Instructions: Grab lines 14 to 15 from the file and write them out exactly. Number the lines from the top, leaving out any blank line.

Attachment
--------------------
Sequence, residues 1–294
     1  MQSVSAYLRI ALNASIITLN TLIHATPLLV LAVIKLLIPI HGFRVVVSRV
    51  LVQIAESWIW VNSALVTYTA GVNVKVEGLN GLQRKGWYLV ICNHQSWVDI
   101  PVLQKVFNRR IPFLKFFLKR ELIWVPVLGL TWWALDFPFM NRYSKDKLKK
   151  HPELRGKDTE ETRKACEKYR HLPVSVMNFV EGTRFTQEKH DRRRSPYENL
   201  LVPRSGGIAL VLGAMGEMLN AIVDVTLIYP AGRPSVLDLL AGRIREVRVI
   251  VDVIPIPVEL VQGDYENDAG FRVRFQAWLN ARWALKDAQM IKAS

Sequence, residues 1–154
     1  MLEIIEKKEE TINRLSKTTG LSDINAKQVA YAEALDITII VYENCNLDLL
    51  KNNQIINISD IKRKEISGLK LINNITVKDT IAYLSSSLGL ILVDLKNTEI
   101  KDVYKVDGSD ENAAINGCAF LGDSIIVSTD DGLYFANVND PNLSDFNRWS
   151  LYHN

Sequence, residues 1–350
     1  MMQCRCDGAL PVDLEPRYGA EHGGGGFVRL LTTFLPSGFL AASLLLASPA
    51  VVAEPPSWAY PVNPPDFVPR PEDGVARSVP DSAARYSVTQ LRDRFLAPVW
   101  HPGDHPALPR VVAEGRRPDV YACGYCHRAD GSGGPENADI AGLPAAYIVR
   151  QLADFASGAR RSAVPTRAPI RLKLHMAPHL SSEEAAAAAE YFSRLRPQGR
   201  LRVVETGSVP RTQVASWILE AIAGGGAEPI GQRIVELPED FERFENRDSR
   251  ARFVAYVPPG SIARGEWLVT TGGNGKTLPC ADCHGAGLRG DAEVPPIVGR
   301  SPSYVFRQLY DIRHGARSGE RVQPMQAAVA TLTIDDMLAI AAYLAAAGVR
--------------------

     1  MMQCRCDGAL PVDLEPRYGA EHGGGGFVRL LTTFLPSGFL AASLLLASPA
    51  VVAEPPSWAY PVNPPDFVPR PEDGVARSVP DSAARYSVTQ LRDRFLAPVW